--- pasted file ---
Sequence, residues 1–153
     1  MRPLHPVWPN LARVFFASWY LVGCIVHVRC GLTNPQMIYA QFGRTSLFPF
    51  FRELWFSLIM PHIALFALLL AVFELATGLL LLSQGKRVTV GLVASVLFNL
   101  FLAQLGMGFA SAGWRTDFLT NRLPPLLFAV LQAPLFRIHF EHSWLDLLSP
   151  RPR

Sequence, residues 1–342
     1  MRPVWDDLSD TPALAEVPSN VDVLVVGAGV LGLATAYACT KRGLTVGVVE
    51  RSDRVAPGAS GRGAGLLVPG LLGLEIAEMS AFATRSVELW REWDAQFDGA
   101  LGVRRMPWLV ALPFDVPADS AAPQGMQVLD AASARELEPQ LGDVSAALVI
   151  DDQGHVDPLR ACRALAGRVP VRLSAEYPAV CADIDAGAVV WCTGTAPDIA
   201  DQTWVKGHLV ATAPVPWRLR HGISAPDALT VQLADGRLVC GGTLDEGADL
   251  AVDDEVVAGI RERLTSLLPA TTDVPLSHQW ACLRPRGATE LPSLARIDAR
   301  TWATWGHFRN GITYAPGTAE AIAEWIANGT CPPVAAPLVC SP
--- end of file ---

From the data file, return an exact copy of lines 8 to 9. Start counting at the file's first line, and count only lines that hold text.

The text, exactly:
    51  RSDRVAPGAS GRGAGLLVPG LLGLEIAEMS AFATRSVELW REWDAQFDGA
   101  LGVRRMPWLV ALPFDVPADS AAPQGMQVLD AASARELEPQ LGDVSAALVI